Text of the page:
Here are a few of our favorite books of February, including a contemporary fantasy, the story of a plucky Muslim immigrant with designs to reclaim his home country’s coffee legacy, and a powerful and poetic debut that deftly mines the complicated world of mental illness.
My favorite books, especially those that lurk in well-trod genres like young adult fantasy, are those tales that sink a grappling hook in your chest and drag you through a maze of plot twists and surprises until you're hollowed out and yet supremely satisfied at the final page. The Hazel Wood, a creepy, abrasive, and marvelous debut novel, does just that. Teenager Alice knows fairy tales aren't real, though they certainly have affected her own life: Decades ago her grandmother penned a slim volume of brutal fairy tales set in the fictional Hinterland and then promptly shut herself off from the world in her hidden estate. Alice and her mother have been on the road ever since, rarely staying in one place for more than a few months. But when Alice's mother disappears, taken by people who bear a nightmarish resemblance to the characters in her grandmother's stories, Alice turns to Hinterland superfan and sorta-friend Ellery Finch to help her track down her mother and her grandmother's long-lost estate. Alice blazes with a rage and a grace that spurs her and the reader through the weird and brambly paths that lead to the truth behind her grandmother's dark stories and Alice's own childhood. Mesmerizing and menacing, The Hazel Wood rings with a voice and an authenticity driven by a talented author who distills into storytelling magic the moments of power and helplessness spawned by the realization that the world is not as we imagined it to be. —Adrian Liang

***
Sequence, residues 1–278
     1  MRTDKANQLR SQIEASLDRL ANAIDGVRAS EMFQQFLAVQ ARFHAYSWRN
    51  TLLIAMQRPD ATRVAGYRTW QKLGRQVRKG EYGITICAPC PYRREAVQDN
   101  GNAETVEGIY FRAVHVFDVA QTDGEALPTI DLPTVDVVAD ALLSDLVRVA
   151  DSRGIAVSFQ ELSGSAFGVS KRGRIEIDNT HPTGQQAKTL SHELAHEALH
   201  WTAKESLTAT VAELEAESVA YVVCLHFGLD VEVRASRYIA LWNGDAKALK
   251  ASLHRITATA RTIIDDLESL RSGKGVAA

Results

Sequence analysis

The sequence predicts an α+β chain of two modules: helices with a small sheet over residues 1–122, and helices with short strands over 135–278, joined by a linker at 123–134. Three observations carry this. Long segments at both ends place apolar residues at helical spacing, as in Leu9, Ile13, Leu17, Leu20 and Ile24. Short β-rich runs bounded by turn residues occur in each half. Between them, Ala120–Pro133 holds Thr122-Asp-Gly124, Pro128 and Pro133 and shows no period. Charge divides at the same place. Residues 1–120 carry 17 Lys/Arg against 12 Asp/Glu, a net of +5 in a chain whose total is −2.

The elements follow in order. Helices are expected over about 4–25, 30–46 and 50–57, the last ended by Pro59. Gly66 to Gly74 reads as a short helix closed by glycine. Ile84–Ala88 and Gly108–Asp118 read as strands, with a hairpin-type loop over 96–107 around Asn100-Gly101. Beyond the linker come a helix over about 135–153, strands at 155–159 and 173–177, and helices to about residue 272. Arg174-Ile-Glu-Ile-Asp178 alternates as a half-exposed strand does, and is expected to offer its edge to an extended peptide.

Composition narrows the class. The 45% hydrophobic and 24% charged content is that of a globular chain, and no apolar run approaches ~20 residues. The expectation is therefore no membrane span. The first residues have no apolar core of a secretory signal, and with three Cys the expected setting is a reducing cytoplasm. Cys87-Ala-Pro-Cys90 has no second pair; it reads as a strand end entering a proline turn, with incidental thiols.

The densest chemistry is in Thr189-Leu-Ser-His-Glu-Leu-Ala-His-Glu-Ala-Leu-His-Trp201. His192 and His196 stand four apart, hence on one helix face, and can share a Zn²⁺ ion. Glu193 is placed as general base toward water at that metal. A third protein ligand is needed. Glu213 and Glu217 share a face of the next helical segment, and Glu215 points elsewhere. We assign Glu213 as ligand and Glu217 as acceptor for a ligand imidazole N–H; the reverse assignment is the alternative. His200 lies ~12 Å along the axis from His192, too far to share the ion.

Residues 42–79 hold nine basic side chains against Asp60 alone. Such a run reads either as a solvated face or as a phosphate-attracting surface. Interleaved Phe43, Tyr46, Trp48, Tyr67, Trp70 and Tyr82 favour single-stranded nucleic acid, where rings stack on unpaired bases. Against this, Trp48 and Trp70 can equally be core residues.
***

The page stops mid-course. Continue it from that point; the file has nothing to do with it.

The Monk of Mokha is an unblinking, open account of a San Francisco-based Yemeni American’s success story. The sincerity and subject matter will make some cynics uneasy, and cynics would do well to avoid this book, or be less cynical. Following in the path of What is the What and Zeitoun, Eggers delivers us the real-life tale of Mokhtar Alkhanshali, a Muslim in his early twenties who appears to be on his way to a relatively undistinguished life. But when he discovers the historic Yemeni connection to coffee production, he embarks on a quest that will change his path and provide direction. The adventure itself is riveting, but when you add in the history of coffee, the story becomes even more elevated. Mokhtar is an inspirational character, and Dave Eggers has written an entertaining, inspirational, and informative book. -- Chris Schluep
Freshwater is a mesmerizing and poetic novel that cracks open notions of self-control, mental illness, and love. With every passing page, I felt myself submerge into the complex depths of Ada’s identity letting the waves of Igbo lore infiltrate my understanding of the world and completely change my perception of a person’s agency. The novel is narrated by the ogbange, “godly parasites with many heads,” that reside within “the marble room” of Ada, a Nigerian woman who has moved to North Carolina to attend college. As she enters adulthood, the gods take over and she is powerless to their demands. Though they have protected and comforted her, they also make her rage, inflict violence and destroy relationships with the ones she loves. It’s a devastatingly clear yet spiritual portrait of a life guided by a fractured self and what happens when your body is merely a vessel to the nefarious demons inside. A startling, beautifully written debut. --Al Woodworth